August 28, 2015

All the Angles

All the Angles
My Ann Arbor/Chicago MQG Mini Swap quilt, All the Angles, is finished and delivered to our swap mama (the awesome Dorie, who coordinates all the A2MQG swaps and our round robin).

This full shot gives you a better idea of the quilting.  The quilting lines are extended from the second triangle in the middle row.  I used the edge of my walking foot to space the quilting evenly - it works out to about 1/2" apart.  It is quilted with a medium grey thread.

I did something with this mini that I rarely do - I used a contrasting border.  Most often, if I use a border at all, it is the same as the background so the blocks float.  With all the color in this little mini, I thought it needed a bit of containment!

I couldn't make up my mind between the red and orange for the binding, so when I discovered I only had a fat quarter of the red and plenty of the orange, I decided on both.

The rules for the mini swap were that the quilt could not be any bigger than 24" on any one side.  All the Angles measures about 24" on the long sides and about 19" on the shorter sides.  A bit bigger than my original plan, but adding borders will do that.

There were 30 participants from our guild in this swap and it was amazing to see all their quilts last night at our meeting.  There was a huge variety, but all were so wonderful and unique.  I was too absorbed in hearing how people decided what to make to think of taking pictures.  If you are on Instagram, you can check #a2cmgqminiswap to see the ones that have been posted.

August 25, 2015

Finishing up

It's funny that this post should follow my previous one about soft colors :)  This is some of my progress for the Ann Arbor/Chicago MQG mini swap.  My partner likes bright colors and improv - I wrote about beginning the project here.

I made some more blocks during the A2MQG retreat several weeks ago.  For the quilting, I chose one of the triangles and "drew" lines from the edge of each triangle across the other triangles and quilted parallel lines in different directions in each section.

I'm almost finished with the quilting and just have to decide what color to use for the binding. (I'll share the full quilt on Friday). We'll have show and tell at the A2MQG meeting on Wednesday and then the quilts will be sent off to the Chicago MQG.  We'll receive ours back from them at our September meeting.

It is such fun trying to create a quilt that someone else will like, I tend to forget that I'll be getting one in return :)  I can't wait to see it!

August 21, 2015

Color Moods

Do you go through periods of time when you are drawn to certain colors and the moods they evoke?  Lately, every time I go to choose fabrics I end up with a soft, serene palette.  None of my often-used high contrast schemes appeal right now.  I seem to crave gentle and peaceful colors.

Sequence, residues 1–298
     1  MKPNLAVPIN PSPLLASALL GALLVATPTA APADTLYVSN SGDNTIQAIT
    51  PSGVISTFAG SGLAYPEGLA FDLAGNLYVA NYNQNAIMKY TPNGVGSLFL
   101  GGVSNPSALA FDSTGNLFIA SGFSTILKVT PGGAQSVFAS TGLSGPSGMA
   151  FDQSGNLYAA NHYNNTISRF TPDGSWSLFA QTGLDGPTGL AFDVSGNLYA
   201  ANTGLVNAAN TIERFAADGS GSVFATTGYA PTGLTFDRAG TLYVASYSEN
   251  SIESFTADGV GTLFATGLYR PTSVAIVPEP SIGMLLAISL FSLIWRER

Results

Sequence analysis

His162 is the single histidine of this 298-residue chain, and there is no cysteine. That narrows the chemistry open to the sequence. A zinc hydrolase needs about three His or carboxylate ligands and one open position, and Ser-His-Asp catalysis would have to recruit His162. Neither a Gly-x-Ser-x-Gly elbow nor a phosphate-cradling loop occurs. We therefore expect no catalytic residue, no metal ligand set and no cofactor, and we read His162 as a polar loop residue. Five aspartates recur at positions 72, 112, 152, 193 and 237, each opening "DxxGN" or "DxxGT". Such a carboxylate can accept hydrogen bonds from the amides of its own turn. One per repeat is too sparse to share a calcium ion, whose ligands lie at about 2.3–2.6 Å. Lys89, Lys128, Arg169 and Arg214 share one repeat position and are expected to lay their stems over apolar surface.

The fabrics in the picture are from my newest quilt (to be a pattern later this fall).  I had originally thought I might use a bright white background (one of my favorites) and some clear blues for the contrasting fabrics.  As I got closer to making the actual quilt, I chose a creamier white and these soft aquas.

I wonder if it is a reflection of my busy summer with a graduation, wedding and college departure - or if my brain just wants something a little different than my usual.  It doesn't really matter - as long as I love what I'm working on while I'm doing it, that is what is important.

What is your favorite color mood these days?

August 18, 2015

Partial Seam vs Y Seam

A lot of quilters get confused by the difference between a partial seam and a Y seam.  They aren't the same thing.  Partial seams are pretty easy to do whereas Y seams are just a bit trickier.

A partial seam means you don't sew the whole seam joining one piece to another right away - you just sew part of it.  Then, when you finish the other seams, you go back and finish the part of the seam you left undone.  This is useful when you want to rotate pieces around a center square.

My Turnstile pattern and class include this technique.  It is a lot simpler than it sounds at first :)

A Y seam is used when joining three shapes together such as the diamonds in Tumbling Blocks (diagram), an 8 pointed star or hexagons (to name a few).  To sew a Y seam correctly, you don't sew into the seam allowances, you sew along the quarter inch seam starting  1/4" away from the first edge and sewing to 1/4" away from the other edge.

Faith of Fresh Lemons Quilts has great tutorials for both partial seams and Y seams.

Do you use either of these techniques?

August 14, 2015

Lots of quilty fun!

Read Between the Lines
Stephanie Zacharer Ruyle, Denver, Colorado

1st place Modern Wall Quilts
I may have been having way too much quilty fun lately (if there is such a thing)!